If you know what you’re doing, hit the Customize button and create a custom date format. There are some presets which will help you understand just what goes where.
Create a new date format, if you dare
The Times section allows you to change the time format, but not the time itself (there’s another setting for that).
As with the date, you can also create a new time format
Numbers is a preset that depends on your language setting; if you are like me using a different language from the region your are in, it may be that those settings are not what you need. For example, the decimal and thousand separator are reversed in Germany compared to the United States. Since I’ve selected English as my system language, it always presents me with the wrong separators (try prepping your taxes in a Numbers file - it will drive you nuts). This is the place to adjust the setting.
Adjust the number and currency separators
At the very bottom, you can select the applicable Currency and Measurement units, depending on where you live.
Currency change or need a new measurement unit?
The last tab deals with Input Sources. Obviously, you have your keyboard, but what if you need a different layout from the physical one? Many German programmers, for example, prefer the US keyboard layout because a lot of special characters needed for coding are more easily accessible. And a lot of professional writers will prefer the DVORAK layout because it allows for even faster typing.
Need another keyboard layout. There a few to chose from
You can select the keyboard layout you want here, but you of course you have to know it because it will not change the labeling of your actual keys.
If you need special characters often, you can have the Keyboard & Character Viewer shown in the menu bar (for you heavy users of emoticons, this is great!)
This is what the character viewer can do for you
Category: Security & Privacy
Be aware: If you want to make any changes in this category, you need to unlock the settings by clicking on the lock icon in the lower left and entering your password.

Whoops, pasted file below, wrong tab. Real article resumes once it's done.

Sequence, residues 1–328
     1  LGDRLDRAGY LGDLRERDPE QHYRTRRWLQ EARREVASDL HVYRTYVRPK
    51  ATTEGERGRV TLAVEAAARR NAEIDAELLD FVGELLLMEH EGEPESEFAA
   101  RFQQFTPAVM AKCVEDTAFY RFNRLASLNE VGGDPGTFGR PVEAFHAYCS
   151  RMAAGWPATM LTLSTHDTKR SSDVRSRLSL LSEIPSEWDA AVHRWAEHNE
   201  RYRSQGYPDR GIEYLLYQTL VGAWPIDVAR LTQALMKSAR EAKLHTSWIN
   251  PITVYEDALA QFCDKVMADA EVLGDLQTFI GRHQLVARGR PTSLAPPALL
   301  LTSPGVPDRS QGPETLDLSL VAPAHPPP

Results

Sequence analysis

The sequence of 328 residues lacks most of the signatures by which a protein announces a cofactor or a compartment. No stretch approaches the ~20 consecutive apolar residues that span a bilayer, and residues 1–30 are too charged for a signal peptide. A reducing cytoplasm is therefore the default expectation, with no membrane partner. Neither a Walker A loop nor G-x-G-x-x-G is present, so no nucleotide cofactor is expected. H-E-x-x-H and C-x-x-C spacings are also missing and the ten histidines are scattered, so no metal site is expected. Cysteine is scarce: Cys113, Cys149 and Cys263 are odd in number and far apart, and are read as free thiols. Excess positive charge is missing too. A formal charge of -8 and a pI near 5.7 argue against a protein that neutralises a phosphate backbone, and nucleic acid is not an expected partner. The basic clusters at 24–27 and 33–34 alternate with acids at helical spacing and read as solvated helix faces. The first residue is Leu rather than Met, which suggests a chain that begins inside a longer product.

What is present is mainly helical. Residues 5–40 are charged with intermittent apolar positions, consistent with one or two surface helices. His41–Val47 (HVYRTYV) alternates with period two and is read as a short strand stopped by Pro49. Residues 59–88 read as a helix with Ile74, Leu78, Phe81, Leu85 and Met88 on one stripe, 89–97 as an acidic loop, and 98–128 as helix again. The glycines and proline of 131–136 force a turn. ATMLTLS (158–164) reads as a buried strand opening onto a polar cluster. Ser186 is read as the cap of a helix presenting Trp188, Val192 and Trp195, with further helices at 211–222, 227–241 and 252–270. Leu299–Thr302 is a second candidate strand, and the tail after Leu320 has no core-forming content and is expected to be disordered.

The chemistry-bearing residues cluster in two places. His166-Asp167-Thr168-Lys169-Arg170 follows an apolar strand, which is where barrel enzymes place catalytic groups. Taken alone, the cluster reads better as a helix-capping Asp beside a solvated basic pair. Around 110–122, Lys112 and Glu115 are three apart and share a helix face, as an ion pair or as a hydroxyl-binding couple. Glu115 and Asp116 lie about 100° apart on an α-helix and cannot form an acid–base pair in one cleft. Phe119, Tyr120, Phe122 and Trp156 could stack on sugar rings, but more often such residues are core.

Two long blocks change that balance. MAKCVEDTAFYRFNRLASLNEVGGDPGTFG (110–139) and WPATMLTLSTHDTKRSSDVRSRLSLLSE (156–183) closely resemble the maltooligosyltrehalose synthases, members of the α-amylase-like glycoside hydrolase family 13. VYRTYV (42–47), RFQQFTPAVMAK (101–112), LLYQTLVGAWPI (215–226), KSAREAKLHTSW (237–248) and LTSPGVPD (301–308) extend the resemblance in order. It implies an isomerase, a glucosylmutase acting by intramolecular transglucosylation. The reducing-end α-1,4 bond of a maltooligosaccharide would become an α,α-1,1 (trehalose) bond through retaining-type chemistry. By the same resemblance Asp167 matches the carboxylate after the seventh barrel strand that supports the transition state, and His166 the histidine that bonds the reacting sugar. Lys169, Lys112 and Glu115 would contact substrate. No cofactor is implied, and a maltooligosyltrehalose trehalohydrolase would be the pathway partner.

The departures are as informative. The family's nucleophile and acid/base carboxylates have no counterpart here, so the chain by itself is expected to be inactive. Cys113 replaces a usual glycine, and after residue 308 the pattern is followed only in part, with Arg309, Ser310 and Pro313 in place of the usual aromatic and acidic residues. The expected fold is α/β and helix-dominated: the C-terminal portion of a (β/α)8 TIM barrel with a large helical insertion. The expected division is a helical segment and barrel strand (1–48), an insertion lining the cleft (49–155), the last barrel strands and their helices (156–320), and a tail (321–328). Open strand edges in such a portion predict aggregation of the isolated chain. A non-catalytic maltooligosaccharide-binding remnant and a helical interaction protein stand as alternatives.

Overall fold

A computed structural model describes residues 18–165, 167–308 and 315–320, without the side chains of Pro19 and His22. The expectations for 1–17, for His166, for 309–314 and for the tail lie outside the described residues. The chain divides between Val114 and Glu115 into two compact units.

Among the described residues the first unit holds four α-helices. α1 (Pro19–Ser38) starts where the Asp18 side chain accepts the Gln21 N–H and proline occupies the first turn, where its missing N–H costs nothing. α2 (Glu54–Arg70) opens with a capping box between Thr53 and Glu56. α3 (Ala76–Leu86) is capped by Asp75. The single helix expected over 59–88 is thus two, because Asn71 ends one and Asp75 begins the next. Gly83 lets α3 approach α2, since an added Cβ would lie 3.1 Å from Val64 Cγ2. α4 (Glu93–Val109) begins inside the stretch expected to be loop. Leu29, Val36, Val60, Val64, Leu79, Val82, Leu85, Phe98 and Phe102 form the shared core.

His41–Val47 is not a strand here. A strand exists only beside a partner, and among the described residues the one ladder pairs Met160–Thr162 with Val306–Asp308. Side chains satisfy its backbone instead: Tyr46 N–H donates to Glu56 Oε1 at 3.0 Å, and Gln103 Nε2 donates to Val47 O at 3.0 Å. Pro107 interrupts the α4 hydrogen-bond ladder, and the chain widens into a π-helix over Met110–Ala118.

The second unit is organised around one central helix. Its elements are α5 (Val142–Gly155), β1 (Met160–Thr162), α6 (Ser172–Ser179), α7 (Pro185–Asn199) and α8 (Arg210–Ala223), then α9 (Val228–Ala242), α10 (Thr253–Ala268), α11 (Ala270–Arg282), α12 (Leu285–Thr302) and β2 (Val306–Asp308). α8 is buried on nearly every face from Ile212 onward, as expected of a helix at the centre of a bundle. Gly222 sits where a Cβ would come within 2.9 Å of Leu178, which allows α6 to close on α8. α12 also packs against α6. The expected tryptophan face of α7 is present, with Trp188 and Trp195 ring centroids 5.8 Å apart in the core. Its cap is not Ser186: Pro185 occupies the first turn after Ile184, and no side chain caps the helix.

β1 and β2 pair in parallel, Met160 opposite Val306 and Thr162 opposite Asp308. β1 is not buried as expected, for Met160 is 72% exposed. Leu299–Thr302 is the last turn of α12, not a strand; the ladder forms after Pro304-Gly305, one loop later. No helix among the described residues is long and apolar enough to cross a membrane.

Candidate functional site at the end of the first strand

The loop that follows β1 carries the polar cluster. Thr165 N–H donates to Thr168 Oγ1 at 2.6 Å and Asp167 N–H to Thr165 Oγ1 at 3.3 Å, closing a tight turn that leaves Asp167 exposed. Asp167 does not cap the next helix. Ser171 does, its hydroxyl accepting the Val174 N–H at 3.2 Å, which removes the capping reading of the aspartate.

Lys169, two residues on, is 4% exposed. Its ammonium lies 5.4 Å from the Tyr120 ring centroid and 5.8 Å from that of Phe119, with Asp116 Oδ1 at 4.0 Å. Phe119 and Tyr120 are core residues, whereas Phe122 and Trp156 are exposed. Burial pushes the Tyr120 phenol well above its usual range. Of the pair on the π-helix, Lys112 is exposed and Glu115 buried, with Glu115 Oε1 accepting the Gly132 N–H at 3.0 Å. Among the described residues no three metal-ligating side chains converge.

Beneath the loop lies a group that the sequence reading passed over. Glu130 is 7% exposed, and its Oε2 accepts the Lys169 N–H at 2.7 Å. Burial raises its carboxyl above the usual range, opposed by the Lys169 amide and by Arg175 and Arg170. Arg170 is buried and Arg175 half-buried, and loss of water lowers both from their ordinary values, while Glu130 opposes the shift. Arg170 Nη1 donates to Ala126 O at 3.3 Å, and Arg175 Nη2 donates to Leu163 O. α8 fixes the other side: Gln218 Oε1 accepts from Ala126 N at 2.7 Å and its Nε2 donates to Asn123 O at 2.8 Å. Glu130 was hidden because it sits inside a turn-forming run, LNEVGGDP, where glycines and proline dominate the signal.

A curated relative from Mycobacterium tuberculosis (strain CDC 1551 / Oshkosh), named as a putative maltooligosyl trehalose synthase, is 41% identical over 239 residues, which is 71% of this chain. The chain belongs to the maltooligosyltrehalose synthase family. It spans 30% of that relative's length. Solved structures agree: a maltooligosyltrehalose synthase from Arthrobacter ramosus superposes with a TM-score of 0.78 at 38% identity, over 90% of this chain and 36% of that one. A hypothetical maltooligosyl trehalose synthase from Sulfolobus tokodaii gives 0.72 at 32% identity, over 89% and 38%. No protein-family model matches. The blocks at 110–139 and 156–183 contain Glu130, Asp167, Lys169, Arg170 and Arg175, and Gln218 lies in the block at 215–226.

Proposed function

Here are some settings that will allow you to keep your data safer. The General tab alone is pretty nifty, even if you don’t see it at first. If you’ve said a login password for a user, you can change it here.
General security settings
If you are using your Mac at home alone, you might want to uncheck the Require password for sleep… box - it will just annoy you after a while. If you carry your Mac with you, you should leave this box checked and set a time of your liking after which you’ll be prompted to provide your credentials.
Show a message… is actually something pretty useful - or funny, depending on your intentions. Imagine forgetting your Mac in a Starbucks or some other place. Thanks to your password, someone who finds it cannot log in, but also not find out how to return it to you since they don’t get any information about you.
Setting a Lock Message may help in this case: you can enter your contact information (name, email, phone number), promise a reward. Or, if you want to mess with your colleagues at work, set a funny saying or quote to pull their leg.
Enter a lock message to either inform or amuse
Disabling automatic login means that you have to enter your password every time you wake your Mac from sleep or power it up. Again, if you are only using it at home alone, you might not need it. As soon as others have access to your Mac or you carry it with you, you should make sure this box is checked.